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Twilight of the Mammoths Ice Age Extinctions and the Rewilding of America

ISBN-10: 0520252438
ISBN-13: 9780520252431
Edition: 2007
List price: $29.95
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Description: As recently as 11,000 years ago--"near time" to geologists--mammoths, mastodons, gomphotheres, ground sloths, giant armadillos, native camels and horses, the dire wolf, and many other large mammals roamed North America. In what has become one of  More...

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Book details

List price: $29.95
Copyright year: 2007
Publisher: University of California Press
Publication date: 5/8/2007
Binding: Paperback
Pages: 270
Size: 5.75" wide x 8.75" long x 0.50" tall
Weight: 0.858
Language: English

As recently as 11,000 years ago--"near time" to geologists--mammoths, mastodons, gomphotheres, ground sloths, giant armadillos, native camels and horses, the dire wolf, and many other large mammals roamed North America. In what has become one of science's greatest riddles, these large animals vanished in North and South America around the time humans arrived at the end of the last great ice age. Part paleontological adventure and part memoir, Twilight of the Mammoths presents in detail internationally renowned paleoecologist Paul Martin's widely discussed and debated "overkill" hypothesis to explain these mysterious megafauna extinctions. Taking us from Rampart Cave in the Grand Canyon, where he finds himself "chest deep in sloth dung," to other important fossil sites in Arizona and Chile, Martin's engaging book, written for a wide audience, uncovers our rich evolutionary legacy and shows why he has come to believe that the earliest Americans literally hunted these animals to death. As he discusses the discoveries that brought him to this hypothesis, Martin relates many colorful stories and gives a rich overview of the field of paleontology as well as his own fascinating career. He explores the ramifications of the overkill hypothesis for similar extinctions worldwide and examines other explanations for the extinctions, including climate change. Martin's visionary thinking about our missing megafauna offers inspiration and a challenge for today's conservation efforts as he speculates on what we might do to remedy this situation--both in our thinking about what is "natural" and in the natural world itself.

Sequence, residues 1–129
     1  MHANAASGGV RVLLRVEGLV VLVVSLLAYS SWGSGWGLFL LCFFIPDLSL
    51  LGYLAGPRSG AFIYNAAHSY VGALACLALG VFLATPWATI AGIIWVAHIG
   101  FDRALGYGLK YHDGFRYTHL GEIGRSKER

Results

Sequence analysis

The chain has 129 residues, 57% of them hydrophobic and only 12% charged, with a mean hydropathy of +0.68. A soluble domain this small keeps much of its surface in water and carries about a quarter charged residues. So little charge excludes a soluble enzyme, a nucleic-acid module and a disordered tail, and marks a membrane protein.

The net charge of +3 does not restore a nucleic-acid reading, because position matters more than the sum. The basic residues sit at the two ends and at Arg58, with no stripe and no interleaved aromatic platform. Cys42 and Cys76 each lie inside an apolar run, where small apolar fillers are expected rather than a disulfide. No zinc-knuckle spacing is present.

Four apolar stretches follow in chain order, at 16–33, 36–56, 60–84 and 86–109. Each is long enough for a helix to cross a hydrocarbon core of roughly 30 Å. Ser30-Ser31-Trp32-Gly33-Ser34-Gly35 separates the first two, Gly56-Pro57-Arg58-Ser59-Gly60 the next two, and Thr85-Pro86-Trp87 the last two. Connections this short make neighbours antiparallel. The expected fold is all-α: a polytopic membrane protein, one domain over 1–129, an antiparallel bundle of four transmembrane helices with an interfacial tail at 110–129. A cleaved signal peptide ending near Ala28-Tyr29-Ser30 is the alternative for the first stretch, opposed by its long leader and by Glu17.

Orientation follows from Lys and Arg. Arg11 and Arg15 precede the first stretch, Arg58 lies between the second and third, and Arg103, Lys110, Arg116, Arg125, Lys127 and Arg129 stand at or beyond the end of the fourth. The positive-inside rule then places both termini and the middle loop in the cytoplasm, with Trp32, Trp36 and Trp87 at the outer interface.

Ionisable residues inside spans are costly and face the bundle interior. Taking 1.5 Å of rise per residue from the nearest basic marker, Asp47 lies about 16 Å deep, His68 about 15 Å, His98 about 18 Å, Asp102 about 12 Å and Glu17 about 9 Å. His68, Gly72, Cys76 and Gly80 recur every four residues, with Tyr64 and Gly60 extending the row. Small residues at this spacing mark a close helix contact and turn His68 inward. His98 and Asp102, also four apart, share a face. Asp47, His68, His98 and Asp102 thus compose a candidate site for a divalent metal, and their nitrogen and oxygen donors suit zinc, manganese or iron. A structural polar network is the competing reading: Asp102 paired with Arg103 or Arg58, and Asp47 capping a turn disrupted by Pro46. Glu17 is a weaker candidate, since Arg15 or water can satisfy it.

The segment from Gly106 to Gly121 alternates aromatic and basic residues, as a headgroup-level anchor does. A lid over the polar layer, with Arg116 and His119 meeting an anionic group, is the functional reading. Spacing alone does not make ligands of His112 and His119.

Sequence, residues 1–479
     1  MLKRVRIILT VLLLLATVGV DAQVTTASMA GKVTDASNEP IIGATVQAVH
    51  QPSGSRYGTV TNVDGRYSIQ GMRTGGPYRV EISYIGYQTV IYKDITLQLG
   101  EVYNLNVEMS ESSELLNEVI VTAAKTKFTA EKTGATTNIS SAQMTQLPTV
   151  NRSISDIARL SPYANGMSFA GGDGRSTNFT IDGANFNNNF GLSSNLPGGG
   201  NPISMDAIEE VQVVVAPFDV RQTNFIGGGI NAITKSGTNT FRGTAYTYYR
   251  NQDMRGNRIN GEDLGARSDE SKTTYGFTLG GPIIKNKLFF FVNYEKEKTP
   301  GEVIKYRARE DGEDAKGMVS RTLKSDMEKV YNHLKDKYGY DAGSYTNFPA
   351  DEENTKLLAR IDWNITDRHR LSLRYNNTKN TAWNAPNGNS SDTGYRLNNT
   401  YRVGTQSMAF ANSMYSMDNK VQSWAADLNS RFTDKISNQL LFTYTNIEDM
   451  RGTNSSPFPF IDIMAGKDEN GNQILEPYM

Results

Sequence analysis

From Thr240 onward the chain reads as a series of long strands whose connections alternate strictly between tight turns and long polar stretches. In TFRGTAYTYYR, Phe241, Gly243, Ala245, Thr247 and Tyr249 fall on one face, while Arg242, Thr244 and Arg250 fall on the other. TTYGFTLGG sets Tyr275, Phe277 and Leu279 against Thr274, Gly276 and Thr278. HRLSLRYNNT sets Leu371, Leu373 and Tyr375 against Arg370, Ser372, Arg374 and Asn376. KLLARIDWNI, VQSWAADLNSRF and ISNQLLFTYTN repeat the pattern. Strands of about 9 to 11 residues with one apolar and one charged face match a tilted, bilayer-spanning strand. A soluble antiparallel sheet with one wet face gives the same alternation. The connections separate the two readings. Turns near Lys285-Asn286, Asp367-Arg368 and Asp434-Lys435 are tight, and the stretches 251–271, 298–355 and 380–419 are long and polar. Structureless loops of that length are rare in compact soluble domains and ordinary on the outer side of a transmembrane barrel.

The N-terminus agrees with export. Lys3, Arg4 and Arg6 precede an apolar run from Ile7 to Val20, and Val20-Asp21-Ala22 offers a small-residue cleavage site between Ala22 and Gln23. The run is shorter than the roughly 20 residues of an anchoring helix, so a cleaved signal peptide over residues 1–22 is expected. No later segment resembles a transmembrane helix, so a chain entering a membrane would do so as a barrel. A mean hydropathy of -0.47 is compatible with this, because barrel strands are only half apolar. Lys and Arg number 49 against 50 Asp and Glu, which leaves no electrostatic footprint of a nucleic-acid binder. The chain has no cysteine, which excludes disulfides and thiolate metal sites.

Paul S. Martin is Emeritus Professor of Geosciences, Desert Laboratory, University of Arizona.

List of Illustrations
Foreword
Acknowledgments
Prologue
Discovering the Last Lost World
Radiocarbon Dating and Quaternary Extinctions
Overview of Overkill
Ground Sloth Dung and Packrat Middens
Giant Meat-Eating Bats?
Ground Sloths at Home
Cryptozoology, Ground Sloths, and Mapinguari National Park
Grand Canyon Suite: Mountain Goats, Condors, Equids, and Mammoths
Deadly Syncopation
Digging for the First People in America: High Stakes at Lule Springs
Tricks, Hoaxes, and Bad Science
Kill Sites, Sacred Sites
Models in Collision: Climatic Change versus Overkill
Restoration
Unexpected Ramifications of Ecological Change
Resurrection: The Past Is Future
Epilogue
References
Index

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